Wednesday, April 04, 2007

Running low on bread here at the circus

Forget constitutional reform, tax fairness, and overcrowded prisons. Alabama's lawmakers know what the real problems are.

Take specialty beer, for example. It's a threat to teenage sobriety, as you could learn from some of the state House members who voted Tuesday against allowing a vote on the gourmet beer bill. Because as we all know, college students, with their limitless disposable income, tend to get drunk on the most expensive imported brew available instead of knocking back a 12-pack of cheap domestic beer. And as we also know, you're wrong, even if I'm not entirely sure what you said, so there. (Dan of Between the Links has the audio clips -- and the outrage.)

Our legislators aren't the only ones with our very best interests in mind. U.S. Rep. Spencer Bachus, R-Vestavia Hills, is looking out for us on Capitol Hill, where he knows the most urgent concern America faces is not the Iraq war or Katrina recovery, but rather the prospect of gay couples getting a marriage certificate: "We could lose Iraq and survive; we lost Vietnam and survived, but if we lose this battle against gay marriage, we are doomed." (At press time, Massachusetts had yet to collapse into an anarchic, dystopian nightmare, but considering they haven't banned gay marriage in triplicate, it may be only a matter of time.)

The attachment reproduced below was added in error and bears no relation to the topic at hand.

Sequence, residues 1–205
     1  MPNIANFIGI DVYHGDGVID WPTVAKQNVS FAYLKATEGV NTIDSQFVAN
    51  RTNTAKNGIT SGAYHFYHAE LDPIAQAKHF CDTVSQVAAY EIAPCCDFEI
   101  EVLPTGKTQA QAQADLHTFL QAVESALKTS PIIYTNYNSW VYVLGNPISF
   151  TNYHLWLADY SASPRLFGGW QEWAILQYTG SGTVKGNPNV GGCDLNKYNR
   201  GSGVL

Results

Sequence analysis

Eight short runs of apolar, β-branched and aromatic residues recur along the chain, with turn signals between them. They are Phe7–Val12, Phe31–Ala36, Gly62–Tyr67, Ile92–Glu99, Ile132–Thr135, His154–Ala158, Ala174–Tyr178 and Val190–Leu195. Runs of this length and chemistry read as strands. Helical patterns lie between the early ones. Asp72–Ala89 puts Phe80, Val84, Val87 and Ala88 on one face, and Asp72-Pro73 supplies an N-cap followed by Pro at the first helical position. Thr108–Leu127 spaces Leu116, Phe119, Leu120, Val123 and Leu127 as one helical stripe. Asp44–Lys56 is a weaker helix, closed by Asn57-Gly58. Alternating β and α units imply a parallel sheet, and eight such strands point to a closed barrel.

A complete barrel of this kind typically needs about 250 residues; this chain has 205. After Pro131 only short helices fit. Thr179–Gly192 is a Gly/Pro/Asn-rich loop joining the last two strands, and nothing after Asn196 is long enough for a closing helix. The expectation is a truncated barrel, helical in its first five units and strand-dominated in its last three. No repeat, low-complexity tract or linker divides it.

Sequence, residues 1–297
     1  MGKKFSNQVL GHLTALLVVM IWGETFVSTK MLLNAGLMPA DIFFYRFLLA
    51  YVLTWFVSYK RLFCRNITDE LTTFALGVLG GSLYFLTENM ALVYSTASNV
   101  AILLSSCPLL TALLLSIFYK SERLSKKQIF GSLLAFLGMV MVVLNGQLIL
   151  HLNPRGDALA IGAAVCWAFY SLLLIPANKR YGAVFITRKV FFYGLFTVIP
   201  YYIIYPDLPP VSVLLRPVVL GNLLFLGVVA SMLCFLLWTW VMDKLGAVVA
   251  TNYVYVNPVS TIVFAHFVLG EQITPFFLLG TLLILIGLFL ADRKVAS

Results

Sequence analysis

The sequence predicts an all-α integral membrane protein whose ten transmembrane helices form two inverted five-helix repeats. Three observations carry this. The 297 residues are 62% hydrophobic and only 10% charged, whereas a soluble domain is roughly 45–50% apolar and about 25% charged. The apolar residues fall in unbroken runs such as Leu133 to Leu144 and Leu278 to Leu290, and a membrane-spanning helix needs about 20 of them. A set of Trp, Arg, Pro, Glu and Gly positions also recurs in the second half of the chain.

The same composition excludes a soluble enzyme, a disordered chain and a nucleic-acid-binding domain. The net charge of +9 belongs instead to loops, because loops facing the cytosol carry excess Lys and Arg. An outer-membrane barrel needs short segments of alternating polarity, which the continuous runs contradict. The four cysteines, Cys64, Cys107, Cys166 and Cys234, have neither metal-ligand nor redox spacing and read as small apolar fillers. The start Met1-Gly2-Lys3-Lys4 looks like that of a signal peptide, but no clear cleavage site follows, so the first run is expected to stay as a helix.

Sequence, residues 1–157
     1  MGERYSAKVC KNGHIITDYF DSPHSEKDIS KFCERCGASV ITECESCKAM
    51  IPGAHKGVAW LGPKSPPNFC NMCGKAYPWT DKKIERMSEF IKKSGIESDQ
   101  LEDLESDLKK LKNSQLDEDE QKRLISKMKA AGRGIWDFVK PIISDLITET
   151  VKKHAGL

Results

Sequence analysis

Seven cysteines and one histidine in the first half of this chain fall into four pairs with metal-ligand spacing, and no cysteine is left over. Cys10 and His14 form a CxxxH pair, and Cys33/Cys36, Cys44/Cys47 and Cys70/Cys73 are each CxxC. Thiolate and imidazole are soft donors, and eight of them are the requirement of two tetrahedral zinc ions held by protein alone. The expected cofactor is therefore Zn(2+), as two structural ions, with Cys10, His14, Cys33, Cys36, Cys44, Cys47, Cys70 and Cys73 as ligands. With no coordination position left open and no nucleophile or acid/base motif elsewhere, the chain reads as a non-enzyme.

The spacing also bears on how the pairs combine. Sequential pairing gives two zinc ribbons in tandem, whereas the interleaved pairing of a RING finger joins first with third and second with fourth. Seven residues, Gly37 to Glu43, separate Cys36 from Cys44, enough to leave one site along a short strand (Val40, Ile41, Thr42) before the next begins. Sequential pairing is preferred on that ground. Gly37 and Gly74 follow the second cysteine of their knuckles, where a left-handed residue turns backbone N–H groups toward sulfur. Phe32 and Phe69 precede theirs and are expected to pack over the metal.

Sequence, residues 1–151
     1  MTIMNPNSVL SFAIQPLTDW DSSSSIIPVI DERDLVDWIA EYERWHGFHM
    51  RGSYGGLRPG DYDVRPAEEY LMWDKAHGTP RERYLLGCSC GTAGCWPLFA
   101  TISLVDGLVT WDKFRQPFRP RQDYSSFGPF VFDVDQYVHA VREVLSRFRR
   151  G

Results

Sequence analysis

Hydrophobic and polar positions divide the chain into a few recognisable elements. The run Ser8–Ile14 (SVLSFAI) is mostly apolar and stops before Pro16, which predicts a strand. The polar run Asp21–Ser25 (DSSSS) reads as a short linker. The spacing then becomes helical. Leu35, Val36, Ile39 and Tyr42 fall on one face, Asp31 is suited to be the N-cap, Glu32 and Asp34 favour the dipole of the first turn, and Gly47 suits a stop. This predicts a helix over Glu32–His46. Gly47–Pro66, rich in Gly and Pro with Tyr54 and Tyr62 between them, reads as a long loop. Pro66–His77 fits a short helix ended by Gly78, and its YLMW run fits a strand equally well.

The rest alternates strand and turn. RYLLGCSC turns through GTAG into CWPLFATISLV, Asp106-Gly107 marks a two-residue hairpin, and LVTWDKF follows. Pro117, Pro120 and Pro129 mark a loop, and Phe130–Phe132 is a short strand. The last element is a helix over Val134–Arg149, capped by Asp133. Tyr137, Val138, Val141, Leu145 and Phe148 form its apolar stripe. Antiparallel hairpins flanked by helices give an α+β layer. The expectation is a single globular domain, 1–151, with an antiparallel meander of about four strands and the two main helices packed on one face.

Lost in all of this talk, of course, is that our elected officials still have done nothing to guard us from the most pressing danger of all: Internet usage by U.S. Supreme Court justices.

We're vulnerable, people. Vulnerable.

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